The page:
So it's bad to have a thoughtful editor with a nuanced view who appreciates the complexity of a situation? That prevents her from doing her job well? What, then, makes a good editor? Please enlighten us since you clearly have such a strong grasp on it.

Further, Nasr never expressed her political opinions. She expressed a personal one. The Constitutional right to freedom of speech exists because the founding fathers, and generations of Supreme Court justices, recognized the value of the "marketplace of ideas." If someone's idea or opinion is bad, it's debated and thrown out. That person is not punished for having the idea or opinion, though; otherwise there wouldn't be a free exchange of information because people would be afraid the repercussions. Hence intentionally lying is illegal (slander, libel), but making a mistake is not. And almost all opinions are protected speech.

So no, Nasr is not being thrown in jail, but she is being punished for having an idea and an opinion. Firing her goes against the spirit of the law, even if it doesn't technically violate the Constitution.

Please read the comments from CNN they cannot keep someone who violated their editorial standards. Many of the comments are so far off the actual facts of the topic it is absurd, its not a freedom of speech or an anti-Islamic position by CNN its a reporter who made a bad Tweet judgement call and lost her job.

This incident and many others like it corroborate that the so called freedom of the press comes with a fine print and that fine print makes the old TASS Soviet news agency as fair and balance as CNN. Just because the government believes that a good Muslim is a dead Muslim doesn't mean that corporate news has to follow that path. The media, as a representative of the fourth power, has to be immune against any reprisals for stating a personal opinion. It doesn't take a rocket scientist to know that our most wanted terrorist, Osam Bin Laden , has to be also the Muslims' perceived a terrorist. In the Muslim world, OBL is considered a prophet, not a terrorist. It's well known that OBL used his millions to build clinics, schools and housing for the poor and how can you honestly call him a terrorist? OBL is a terrorist for us, not for them. To them, he is a true Muslim, not a terrorist. CNN should have say, just like every other organization says when anybody comments about personal positions: Management is not responsible for the comments or actions of its employees. The bottom line is, here, trumping not only freedom of the press, but it confirms also that the fourth power has surrendered to special interests. R.I.P. freedom of the press!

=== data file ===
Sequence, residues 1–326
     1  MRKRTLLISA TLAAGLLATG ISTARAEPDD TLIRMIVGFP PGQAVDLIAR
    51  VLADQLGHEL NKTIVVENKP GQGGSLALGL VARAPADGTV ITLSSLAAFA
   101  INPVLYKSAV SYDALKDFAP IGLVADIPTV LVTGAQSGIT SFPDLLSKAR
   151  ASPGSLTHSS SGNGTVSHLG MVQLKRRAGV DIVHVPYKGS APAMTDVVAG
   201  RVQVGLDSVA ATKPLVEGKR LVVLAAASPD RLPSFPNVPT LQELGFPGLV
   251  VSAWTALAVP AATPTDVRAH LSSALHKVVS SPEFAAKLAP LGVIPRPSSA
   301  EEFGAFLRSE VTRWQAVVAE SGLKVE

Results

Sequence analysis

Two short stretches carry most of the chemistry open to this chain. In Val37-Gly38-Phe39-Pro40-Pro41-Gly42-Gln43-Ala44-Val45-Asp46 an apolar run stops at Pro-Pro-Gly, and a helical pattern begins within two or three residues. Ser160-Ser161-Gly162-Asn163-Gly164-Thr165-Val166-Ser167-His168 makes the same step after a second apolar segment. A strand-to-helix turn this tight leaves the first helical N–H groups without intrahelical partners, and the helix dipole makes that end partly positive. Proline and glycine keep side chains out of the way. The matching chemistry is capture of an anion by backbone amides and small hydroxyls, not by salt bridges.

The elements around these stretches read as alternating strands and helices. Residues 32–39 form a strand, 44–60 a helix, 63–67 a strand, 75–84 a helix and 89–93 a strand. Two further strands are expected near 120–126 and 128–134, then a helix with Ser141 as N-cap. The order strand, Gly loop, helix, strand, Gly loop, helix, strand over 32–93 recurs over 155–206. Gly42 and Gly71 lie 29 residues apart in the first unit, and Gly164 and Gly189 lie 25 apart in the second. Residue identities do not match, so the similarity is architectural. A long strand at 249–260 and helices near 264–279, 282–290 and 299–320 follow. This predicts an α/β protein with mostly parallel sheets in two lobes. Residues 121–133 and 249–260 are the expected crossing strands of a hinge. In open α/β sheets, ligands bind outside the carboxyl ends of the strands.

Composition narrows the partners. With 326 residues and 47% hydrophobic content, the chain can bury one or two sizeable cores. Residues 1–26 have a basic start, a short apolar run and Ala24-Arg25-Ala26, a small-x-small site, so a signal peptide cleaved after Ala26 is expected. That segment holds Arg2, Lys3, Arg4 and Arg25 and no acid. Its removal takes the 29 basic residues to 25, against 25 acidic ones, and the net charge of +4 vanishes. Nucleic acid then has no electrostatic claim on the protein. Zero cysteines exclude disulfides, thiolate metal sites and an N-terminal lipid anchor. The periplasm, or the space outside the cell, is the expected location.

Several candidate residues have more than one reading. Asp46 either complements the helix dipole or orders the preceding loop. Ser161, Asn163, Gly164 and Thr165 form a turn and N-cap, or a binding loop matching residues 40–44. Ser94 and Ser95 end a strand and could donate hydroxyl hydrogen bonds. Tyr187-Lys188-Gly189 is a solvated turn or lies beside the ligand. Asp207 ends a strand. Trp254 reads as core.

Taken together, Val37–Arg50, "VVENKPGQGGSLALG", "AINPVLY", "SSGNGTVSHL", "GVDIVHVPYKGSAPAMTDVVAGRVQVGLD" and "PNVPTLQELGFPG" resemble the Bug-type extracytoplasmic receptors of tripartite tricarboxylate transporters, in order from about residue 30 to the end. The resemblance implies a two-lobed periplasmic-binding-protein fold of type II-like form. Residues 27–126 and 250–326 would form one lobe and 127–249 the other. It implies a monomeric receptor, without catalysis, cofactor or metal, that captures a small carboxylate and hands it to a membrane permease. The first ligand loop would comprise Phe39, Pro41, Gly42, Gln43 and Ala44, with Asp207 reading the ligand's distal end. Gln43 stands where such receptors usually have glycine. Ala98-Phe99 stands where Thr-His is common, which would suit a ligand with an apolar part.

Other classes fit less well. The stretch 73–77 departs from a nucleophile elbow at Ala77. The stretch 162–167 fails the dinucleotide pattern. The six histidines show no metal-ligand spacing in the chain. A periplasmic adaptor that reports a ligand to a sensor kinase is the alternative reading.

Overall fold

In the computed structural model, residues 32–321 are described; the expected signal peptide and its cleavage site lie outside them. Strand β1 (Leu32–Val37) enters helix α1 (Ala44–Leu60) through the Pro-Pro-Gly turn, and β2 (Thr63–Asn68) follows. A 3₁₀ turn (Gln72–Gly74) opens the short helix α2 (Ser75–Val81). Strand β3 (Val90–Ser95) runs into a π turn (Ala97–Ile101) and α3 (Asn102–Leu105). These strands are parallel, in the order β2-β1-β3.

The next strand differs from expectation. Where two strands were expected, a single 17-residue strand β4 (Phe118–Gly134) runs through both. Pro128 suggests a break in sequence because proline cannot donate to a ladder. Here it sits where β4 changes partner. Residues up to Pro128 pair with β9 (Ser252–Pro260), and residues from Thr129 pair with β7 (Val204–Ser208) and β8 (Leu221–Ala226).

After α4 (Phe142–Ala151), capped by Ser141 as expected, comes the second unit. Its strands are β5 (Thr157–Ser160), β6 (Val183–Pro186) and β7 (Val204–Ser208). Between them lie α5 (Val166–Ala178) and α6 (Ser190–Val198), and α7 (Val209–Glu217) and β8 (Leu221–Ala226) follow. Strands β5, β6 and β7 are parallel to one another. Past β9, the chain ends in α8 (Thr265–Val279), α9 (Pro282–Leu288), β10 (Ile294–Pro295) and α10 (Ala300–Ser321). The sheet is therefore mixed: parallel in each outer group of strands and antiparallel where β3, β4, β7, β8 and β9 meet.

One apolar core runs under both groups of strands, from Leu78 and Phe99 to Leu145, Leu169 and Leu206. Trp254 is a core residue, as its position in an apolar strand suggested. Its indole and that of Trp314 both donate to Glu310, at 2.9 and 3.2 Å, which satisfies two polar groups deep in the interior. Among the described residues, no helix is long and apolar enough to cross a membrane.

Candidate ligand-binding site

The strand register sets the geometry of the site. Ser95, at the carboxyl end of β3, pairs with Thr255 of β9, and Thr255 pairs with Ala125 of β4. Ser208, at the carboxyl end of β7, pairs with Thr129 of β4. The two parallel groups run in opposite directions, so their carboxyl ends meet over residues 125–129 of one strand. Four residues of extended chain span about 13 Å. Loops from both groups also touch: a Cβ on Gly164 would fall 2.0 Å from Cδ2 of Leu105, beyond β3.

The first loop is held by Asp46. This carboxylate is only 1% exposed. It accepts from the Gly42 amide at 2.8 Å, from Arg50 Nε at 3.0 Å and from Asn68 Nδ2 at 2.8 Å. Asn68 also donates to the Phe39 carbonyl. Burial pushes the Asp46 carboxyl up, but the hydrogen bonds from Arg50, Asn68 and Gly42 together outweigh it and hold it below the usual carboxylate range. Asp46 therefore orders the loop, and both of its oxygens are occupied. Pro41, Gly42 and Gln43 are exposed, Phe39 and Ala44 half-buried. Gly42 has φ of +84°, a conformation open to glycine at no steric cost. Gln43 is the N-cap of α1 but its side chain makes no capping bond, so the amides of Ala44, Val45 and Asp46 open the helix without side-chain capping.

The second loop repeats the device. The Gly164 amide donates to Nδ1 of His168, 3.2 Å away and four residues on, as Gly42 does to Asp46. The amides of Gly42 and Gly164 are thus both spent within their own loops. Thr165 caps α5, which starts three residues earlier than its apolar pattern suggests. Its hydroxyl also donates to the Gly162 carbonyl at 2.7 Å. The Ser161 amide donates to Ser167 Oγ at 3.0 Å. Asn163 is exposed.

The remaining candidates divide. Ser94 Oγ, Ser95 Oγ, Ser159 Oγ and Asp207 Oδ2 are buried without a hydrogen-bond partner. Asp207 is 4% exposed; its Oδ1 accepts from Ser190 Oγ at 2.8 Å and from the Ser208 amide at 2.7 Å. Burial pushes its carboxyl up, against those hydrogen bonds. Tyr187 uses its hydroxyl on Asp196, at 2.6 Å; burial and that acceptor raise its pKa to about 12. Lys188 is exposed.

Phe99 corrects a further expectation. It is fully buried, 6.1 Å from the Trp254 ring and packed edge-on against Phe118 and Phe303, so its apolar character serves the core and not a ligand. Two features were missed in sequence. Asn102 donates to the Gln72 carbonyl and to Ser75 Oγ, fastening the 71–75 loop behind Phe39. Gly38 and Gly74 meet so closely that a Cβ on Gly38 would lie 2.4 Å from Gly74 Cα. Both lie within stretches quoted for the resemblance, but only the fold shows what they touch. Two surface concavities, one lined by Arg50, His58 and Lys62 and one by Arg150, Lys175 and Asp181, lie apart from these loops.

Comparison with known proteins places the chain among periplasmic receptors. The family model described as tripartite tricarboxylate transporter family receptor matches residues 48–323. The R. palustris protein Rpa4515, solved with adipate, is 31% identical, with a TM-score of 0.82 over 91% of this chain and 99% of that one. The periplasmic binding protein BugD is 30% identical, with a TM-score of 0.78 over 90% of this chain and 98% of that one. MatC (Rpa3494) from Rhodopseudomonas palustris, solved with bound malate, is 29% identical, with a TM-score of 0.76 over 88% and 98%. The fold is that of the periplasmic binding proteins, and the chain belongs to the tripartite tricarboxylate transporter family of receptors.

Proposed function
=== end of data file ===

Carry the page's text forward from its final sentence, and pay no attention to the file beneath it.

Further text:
She was a fool not to at least be sensitive to the controversial nature of what she was about to tweet. It's likely that if her post had focused on the women's rights thought she had in her mind that she would still have her job.

Meanwhile, this IS about freedom of speech. Some of you want to dismiss that idea. No, she's not in jail. But, that's not the point.

CNN is an organization that makes its living on the freedom to broadcast political speech no matter how controversial it is. They present themselves as the centrist, objective news corporation - tolerant of all speech and trusting in the viewers to interpret the wide ranging points of view. For them to fire a talented and experienced person over this tweet is an appalling example of hypocrisy.

There are probably jobs waiting for Nasr either in Obama's Administration or with Al Jazeera. Perhaps she can work the stonings and beheadings beat.

What did we just celebrate 4th of July for?

"Militant"?

The guy is a raving terrorist and part of a cult of death.